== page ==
Astigmatism is a visual impairment that can be treated very well with eye training.

Spectacle prescription: details of corneal curvature

The Spectacle Ordinance typically consists of three columns. The values of the left and right eye are below each other.

In the first column (called spherical) the strengths of myopia, farsightedness or presbyopia are shown in dioptres. In myopia, the value is preceded by a minus sign in farsightedness or a plus sign in presbyopia.

The second column is called the cylinder and describes the cylinder value, i.e. the strength of the corneal curvature in dioptres.

The value is typically indicated with a minus sign, but can also be indicated in plus.

The third column is called the axis and indicates the angle of the disturbances in corneal curvatures in degrees, the so-called axis value.

The second and third columns indicate how strongly and where exactly your corneal curvature occurs.

Optically, astigmatism is usually corrected by a combination of spherically ground and cylindrical glasses. They must form a complex curved surface, similar to the individual segments of a football.

For this to work, it is important that the optician determines the axis of the refractive error, which indicates the highest and lowest degrees of interference. It is also important that spectacle lenses or contact lenses are worn in exactly the right position.

Demonstrable effect of eye training on astigmatism

corneal curvature

Astigmatism can be depicted. This is done by means of topographic images of the eye. These resemble a map on which the contours of a landscape are depicted.

The curvature of the cornea appears as a so-called “fly pattern”. There an astigmatism of half a diopter (Z:-0.5) can be seen. The “fly pattern”, which shows the astigmatism axis – in this case 83 degrees ( A:83) – has to be observed.

The next figure shows the same eye after eye training. The so-called “fly pattern” has dissolved. There is no more corneal curvature detectable. The eye has returned to its normal state. A concrete proof that the eye training works, but best you convince yourself – your personal, better vision is in the end the best proof.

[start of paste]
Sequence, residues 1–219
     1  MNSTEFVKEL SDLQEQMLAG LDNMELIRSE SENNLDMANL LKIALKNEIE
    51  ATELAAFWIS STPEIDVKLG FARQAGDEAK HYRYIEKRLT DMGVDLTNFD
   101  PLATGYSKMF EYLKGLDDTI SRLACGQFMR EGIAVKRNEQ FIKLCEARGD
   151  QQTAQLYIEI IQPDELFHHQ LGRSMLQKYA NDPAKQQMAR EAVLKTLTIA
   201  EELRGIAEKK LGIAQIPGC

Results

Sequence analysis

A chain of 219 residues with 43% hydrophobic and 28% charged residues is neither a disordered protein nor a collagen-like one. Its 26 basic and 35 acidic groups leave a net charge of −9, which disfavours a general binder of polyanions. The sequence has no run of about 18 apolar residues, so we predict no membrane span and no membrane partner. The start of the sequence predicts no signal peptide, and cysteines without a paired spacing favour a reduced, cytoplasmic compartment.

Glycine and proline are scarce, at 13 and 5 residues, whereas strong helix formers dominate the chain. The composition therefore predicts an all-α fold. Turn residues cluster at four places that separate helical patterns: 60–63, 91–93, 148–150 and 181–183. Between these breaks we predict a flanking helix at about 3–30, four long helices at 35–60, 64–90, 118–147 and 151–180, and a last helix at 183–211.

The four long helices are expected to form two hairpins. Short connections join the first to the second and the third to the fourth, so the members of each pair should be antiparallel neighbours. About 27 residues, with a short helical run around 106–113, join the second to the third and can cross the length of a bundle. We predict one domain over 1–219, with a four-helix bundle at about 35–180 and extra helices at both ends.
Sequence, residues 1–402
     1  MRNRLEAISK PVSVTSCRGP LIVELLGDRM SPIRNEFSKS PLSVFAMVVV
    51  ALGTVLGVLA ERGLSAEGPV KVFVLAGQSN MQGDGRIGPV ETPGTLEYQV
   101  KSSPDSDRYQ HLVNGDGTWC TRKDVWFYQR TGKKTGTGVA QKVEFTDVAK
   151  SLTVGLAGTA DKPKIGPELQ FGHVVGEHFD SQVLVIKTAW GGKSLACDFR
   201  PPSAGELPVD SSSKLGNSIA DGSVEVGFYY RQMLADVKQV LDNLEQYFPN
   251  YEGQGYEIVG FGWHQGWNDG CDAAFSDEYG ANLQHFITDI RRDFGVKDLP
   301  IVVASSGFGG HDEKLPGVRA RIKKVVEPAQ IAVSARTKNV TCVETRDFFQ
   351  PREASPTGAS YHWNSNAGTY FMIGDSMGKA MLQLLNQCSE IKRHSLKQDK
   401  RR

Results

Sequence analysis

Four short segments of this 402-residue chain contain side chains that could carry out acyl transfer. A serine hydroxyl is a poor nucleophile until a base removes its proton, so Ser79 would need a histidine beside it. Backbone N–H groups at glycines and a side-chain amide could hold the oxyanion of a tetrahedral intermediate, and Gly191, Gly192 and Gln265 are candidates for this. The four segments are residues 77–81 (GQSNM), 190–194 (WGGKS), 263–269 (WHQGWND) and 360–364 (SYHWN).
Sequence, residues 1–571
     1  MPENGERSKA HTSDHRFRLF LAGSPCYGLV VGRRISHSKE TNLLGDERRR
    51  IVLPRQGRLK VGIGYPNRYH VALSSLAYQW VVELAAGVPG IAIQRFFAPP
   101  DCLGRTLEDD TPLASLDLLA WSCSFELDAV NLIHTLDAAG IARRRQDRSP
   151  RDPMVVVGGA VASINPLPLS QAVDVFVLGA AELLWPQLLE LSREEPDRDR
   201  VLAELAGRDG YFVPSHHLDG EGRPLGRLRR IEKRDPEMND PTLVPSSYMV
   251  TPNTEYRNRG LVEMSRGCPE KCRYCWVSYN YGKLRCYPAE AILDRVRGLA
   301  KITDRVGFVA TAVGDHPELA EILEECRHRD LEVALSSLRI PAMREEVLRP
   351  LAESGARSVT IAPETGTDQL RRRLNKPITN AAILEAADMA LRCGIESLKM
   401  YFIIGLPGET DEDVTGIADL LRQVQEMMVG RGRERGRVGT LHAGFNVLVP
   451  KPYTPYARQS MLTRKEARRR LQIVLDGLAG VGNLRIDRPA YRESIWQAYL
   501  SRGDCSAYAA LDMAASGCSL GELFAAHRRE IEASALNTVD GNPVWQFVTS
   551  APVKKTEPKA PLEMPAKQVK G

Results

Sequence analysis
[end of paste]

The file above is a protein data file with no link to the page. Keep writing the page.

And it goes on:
Regular and Irregular Astigmatism

Astigmatism, also called astigmatism, is a kind of refractive error in which a point-shaped object is imaged as a line or rod. As mentioned above, this can lead to blurred vision.

A distinction is made between regular and irregular corneal curvature. Regular astigmatism is much more common. This occurs when the refractive power of the cornea along the vertical line (the 12 o’clock / 6 o’clock axis) is greater.

If the greatest refractive power of the cornea lies on the horizontal line (the 9 o’clock / 3 o’clock axis), this is referred to as irregular corneal curvature. This occurs much less frequently.

Variations of astigmatism

Here there are various variations. Regular and irregular astigmatism can also occur simultaneously. It is also possible that only one eye is affected or that it occurs at different angles in both eyes. In very rare cases, corneal curvature may also occur in the lens or retina.

In most cases, corneal curvature is an abnormal curvature of the cornea caused by pressure and tension on the cornea.

As already mentioned, this is caused by the tension of the outer eye muscles.

A curvature of the cornea is therefore not something one has to accept, it is variable and can normally be corrected: the key is “relaxation” and targeted movement.

Checking the curvature of the cornea

With online eye training, there are vision tests that you can perform yourself and thus make your training progress measurable. Find out more here: Vision tests.